Hi everyone! I’m Katie, and I’ve been interning at GWL with the Edinburgh International Book Festival project. This blog post will be about our Revolting Women Takeover tent, which took place in the bookshop on George Street on the 23rd, 24th, and 25th of August. The three days we spent in the takeover tent were […]
Rupi Kaur’s poetry collections combine simple prose with a powerful message, gaining popularity on social media for her illustrations as well as her writing. Her debut collection, milk and honey initially began as a series on Instagram, divided into four sections. Each deals with a different aspect of life, healing heartbreak and finding something good […]
Kate Tempest’s Brand New Ancients pushes the idea of what poetry can be, telling a complete story through verse rather than serving as a collection of individual poems. It’s the kind of story that deserves to be read all in one go, preferably with tea, and lose yourself into the world of these characters whose lives intersect in ways that are recognisable to the reader.
Inspired by the Black Lives Matter movement, Angie Thomas’ The Hate U Give tells the story of Starr, who witnesses her innocent best friend Khalil being shot wrongfully by police in her home of the “ghetto” of Garden Heights, and how she struggles to find her identity between her home and the suburban high school she attends. It describes how she handles her grief and how she deals with the legal enquiry to his death as the only witness to the incident.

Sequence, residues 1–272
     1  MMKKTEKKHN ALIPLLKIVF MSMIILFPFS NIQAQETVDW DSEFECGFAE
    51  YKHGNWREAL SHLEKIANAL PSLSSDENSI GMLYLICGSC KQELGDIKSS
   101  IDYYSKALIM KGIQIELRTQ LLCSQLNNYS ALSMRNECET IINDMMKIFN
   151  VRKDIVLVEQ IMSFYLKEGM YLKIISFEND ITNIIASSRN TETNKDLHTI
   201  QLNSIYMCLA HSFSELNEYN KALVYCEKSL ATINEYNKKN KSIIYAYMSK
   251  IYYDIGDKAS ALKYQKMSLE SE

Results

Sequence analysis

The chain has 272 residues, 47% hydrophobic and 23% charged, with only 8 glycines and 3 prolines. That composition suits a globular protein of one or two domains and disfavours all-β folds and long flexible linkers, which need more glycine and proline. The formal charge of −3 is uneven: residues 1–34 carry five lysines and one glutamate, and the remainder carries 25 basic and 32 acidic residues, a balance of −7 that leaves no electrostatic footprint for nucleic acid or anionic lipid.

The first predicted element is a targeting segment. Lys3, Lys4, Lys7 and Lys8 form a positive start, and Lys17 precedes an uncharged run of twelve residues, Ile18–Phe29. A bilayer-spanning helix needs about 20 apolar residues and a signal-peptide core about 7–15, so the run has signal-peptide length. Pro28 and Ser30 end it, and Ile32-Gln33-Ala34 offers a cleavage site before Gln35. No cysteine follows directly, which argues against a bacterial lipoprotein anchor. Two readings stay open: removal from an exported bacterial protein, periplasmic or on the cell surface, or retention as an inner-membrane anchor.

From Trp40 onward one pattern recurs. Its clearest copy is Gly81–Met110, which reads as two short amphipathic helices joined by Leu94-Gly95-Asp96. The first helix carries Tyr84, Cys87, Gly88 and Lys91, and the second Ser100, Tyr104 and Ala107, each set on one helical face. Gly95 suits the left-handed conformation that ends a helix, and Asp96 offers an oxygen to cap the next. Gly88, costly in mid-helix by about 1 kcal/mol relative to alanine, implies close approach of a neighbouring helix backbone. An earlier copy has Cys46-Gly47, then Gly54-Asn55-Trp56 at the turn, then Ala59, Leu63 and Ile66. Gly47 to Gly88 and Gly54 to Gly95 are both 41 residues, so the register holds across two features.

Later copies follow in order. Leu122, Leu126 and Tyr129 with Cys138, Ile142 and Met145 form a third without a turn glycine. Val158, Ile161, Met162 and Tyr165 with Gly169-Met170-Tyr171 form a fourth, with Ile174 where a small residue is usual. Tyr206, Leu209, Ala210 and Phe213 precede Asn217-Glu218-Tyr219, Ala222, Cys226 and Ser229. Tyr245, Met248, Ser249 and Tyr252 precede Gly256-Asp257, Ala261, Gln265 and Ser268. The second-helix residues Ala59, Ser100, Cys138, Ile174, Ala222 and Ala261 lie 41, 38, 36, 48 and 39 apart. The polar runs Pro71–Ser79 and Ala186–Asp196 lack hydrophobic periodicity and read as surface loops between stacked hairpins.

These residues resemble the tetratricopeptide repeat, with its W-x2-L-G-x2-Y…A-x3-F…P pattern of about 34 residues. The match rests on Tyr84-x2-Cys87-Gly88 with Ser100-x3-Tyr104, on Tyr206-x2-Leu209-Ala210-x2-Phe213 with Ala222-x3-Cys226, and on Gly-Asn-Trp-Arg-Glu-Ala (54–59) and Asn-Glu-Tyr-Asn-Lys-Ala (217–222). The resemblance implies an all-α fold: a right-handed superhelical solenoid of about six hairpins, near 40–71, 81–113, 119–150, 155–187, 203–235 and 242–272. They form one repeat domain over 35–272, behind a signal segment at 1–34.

Alison Bechdel’s second memoir, Are You My Mother?, explores her relationship with her mother and her quest for her to understand their relationship. It discusses her experiences of therapy in her attempts both to understand herself from a psychoanalytical perspective and the way she and her mother interact with each other. It also covers her parents’ relationship, and her mother’s marriage to a closeted gay man as detailed in her first memoir, Fun Home.
Rainbow Rowell’s Fangirl tells the story of Cath and Wren, identical twin sisters who, until college, have shared everything together. Wren chooses the stereotypical college experience – parties, boys, and dancing – whereas Cath sees herself more as “the kind of girl who fantasizes about being trapped in a library overnight”.
Nasty Women, released by 404 Ink on International Women’s Day, brings together a collection of women from all walks of life to discuss the issues that are important to them. Covering topics like race, body image, class, and identity, the collection covers a wide variety of the issues that women today face.